Soccer: In the name of the father-in-law

By Steve Tongue

The son-in-law also rises, though not as far as captaining the Dutch team. Once Giovanni van Bronckhorst retires after tomorrow's final, the job of leading the Oranje will be vacant.

Mark van Bommel, who is in the unusual and potentially tricky position of being married to the coach's daughter, would be an obvious contender for the honour but has already ruled it out, saying yesterday: "There are several players who have made more international appearances and I don't really have the ambition to be the new skipper. It has nothing to do with the fact that Bert van Marwijk is my father-in-law."

The statement showed a sensitivity rarely observed by the combative Van Bommel's opponents, many of whom have come to curse his physical approach in this tournament.

For a long period, he was the player who had committed most fouls without, to general incredulity, having received a yellow card.

When he finally did so, late in Tuesday's semifinal against Uruguay, it was for kicking away the ball rather than an opposition player. Uruguay's Walter Gargano, left limping in the build-up to the opening goal, was one of many to feel the pain.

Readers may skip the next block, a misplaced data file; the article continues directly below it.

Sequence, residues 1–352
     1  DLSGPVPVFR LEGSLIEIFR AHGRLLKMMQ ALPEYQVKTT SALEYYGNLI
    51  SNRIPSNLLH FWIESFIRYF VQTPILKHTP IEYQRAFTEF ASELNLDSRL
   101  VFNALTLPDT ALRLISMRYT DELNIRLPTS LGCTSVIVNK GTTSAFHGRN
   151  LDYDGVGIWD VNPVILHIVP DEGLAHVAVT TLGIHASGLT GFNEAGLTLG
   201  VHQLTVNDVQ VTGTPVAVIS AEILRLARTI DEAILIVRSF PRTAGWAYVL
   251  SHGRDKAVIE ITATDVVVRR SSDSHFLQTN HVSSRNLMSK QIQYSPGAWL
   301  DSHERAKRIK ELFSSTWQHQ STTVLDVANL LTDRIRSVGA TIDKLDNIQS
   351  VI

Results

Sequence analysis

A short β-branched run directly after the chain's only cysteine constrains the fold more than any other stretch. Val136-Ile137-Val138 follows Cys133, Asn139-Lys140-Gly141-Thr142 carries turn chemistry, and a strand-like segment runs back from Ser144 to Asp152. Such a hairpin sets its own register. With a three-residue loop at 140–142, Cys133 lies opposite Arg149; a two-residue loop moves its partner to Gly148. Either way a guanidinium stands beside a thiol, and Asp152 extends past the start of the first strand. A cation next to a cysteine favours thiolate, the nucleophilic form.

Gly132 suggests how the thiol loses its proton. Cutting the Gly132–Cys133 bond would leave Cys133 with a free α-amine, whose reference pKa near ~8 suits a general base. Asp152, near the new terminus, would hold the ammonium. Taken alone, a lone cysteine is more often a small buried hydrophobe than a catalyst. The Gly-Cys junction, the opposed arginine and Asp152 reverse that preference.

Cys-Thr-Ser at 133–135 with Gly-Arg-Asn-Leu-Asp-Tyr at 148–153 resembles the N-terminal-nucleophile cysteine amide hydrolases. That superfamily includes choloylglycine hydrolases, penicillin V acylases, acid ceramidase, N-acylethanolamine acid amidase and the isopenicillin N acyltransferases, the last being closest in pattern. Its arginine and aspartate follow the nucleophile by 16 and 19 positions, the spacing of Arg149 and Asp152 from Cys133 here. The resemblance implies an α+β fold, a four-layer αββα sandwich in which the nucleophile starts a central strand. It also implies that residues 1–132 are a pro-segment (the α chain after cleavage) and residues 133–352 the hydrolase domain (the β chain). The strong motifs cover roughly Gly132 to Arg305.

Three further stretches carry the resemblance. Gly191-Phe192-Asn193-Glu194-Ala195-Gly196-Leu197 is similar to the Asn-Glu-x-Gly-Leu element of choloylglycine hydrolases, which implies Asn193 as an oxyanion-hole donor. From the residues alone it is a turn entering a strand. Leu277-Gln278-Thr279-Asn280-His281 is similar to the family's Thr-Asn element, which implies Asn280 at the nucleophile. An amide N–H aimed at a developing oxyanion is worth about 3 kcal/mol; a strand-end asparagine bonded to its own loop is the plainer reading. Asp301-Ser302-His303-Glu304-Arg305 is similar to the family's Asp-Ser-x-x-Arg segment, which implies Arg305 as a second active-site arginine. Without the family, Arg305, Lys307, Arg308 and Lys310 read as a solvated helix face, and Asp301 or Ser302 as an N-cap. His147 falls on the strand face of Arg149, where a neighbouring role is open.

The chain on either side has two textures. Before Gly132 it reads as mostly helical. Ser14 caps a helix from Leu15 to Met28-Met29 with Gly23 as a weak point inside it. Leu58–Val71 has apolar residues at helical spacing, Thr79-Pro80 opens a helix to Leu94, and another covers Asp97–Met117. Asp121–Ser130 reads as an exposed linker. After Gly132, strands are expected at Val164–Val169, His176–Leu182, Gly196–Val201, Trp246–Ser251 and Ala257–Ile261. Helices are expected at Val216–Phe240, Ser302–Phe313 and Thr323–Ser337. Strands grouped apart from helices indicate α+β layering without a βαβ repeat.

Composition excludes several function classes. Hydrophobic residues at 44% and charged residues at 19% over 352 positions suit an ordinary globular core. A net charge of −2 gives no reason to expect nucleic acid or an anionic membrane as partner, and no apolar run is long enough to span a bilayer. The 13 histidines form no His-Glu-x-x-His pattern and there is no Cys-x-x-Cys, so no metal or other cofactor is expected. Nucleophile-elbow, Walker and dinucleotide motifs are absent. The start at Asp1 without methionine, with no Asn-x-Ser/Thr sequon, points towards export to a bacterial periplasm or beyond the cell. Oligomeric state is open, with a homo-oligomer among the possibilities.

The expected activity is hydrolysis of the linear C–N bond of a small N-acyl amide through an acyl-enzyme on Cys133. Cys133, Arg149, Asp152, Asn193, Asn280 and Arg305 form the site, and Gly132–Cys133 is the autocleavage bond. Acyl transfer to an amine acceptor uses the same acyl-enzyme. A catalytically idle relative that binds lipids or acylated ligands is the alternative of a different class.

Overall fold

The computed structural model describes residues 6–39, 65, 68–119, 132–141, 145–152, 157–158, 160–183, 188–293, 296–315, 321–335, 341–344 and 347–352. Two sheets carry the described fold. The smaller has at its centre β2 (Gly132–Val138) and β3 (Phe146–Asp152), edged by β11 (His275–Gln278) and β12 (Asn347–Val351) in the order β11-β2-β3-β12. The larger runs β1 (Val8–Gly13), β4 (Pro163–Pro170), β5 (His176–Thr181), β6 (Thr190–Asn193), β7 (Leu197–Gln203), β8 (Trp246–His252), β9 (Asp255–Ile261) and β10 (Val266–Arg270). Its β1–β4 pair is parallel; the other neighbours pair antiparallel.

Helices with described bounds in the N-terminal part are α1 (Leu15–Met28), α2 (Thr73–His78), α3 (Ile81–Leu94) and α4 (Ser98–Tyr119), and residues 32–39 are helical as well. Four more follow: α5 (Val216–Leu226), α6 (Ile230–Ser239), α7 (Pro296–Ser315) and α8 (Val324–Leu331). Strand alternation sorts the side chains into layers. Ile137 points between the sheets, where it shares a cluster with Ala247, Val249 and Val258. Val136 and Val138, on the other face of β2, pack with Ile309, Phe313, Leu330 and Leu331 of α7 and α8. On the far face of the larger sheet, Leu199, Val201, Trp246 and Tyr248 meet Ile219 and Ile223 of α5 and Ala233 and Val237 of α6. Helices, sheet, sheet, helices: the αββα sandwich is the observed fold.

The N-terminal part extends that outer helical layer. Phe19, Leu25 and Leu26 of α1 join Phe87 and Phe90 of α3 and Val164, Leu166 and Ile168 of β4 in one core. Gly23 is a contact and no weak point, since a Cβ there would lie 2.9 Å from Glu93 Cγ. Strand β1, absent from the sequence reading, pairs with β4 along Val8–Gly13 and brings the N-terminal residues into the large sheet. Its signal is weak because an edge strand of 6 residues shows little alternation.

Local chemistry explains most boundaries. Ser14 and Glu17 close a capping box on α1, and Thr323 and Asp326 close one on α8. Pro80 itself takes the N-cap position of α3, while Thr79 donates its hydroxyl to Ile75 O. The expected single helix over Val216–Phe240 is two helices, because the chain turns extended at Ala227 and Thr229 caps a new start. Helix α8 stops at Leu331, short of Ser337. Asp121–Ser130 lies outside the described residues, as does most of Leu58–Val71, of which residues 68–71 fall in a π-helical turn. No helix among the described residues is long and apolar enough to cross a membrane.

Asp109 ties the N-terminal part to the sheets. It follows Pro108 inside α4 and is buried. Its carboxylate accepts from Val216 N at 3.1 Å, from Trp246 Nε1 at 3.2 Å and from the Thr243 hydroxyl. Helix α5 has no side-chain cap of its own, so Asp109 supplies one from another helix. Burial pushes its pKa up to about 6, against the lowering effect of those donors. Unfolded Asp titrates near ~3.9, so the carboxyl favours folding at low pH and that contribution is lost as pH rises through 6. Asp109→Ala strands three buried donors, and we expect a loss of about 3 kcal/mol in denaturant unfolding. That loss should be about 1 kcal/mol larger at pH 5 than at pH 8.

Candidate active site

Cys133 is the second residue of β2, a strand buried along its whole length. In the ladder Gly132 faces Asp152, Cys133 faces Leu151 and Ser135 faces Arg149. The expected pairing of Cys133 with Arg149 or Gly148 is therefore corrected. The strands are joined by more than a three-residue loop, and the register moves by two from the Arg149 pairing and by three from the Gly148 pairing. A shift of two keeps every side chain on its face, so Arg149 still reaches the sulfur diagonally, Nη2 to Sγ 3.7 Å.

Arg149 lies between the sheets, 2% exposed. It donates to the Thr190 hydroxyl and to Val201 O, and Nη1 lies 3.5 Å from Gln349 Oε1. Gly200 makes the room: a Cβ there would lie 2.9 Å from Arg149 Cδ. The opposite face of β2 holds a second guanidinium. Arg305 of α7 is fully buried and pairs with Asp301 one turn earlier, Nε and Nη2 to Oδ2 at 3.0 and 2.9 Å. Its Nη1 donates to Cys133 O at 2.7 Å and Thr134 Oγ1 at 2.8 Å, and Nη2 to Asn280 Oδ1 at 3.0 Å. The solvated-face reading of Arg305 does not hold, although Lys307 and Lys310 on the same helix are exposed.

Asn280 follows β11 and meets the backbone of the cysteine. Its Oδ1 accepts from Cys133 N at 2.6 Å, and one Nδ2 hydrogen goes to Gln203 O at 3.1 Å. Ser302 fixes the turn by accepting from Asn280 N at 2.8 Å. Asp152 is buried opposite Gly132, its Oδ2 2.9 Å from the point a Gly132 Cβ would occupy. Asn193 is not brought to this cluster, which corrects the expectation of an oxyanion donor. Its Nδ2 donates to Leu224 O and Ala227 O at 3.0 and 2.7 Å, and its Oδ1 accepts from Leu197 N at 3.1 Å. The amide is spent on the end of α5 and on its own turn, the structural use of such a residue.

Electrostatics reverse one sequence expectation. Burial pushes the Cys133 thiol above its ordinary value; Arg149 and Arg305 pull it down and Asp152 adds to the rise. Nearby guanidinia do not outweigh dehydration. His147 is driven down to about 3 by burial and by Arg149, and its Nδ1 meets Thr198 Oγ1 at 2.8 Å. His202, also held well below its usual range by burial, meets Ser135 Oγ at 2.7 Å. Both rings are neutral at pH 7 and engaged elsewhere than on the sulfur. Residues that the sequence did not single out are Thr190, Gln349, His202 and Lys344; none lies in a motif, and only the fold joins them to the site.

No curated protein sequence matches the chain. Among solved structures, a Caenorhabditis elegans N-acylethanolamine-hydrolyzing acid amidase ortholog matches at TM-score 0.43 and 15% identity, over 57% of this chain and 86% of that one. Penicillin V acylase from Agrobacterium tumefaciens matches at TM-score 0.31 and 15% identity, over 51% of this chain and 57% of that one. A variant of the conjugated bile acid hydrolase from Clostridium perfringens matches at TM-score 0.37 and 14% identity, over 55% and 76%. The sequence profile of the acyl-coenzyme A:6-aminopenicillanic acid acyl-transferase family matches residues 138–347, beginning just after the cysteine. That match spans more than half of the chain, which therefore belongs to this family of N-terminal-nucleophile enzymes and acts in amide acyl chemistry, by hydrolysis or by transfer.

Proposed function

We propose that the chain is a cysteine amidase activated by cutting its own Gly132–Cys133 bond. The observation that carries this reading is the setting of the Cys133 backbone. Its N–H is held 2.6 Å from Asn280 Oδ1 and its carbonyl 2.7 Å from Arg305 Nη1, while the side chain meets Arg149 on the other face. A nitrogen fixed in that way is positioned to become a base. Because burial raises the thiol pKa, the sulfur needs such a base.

Derided by purists, the experienced 33-year-old is nevertheless the sort of performer that players love to have on their side. As a midfield enforcer, he wins the ball for others such as Wesley Sneijder and Arjen Robben to use, and with Manchester City's Nigel de Jong alongside him forms a formidable barrier in front of the Dutch back line.

Spain's midfield pass-masters Xavi and Andres Iniesta, briefly his club-mates at Barcelona, know they will do well to wear their thickest shin pads tomorrow.

Van Bommel's total of 62 caps, begun as long ago as October 2000, would have been considerably higher but for a two-year absence. Having played at the 2006 World Cup, he was left out of the squad by Marco van Basten, for whom he later declined to play.

Only when Van Marwijk, by then his father-in-law, took over two years later did he return, aware that charges of nepotism would hang heavily if he did not justify his selection.

"I admit that there was a lot of pressure when I returned to the Oranje," he said. "I couldn't afford to play a single bad game. People analyse you more and that puts pressure on you. But I think I have more than justified my position."

On the eve of the country's biggest match for 32 years, it would be hard for anyone to argue with that forthright assessment.


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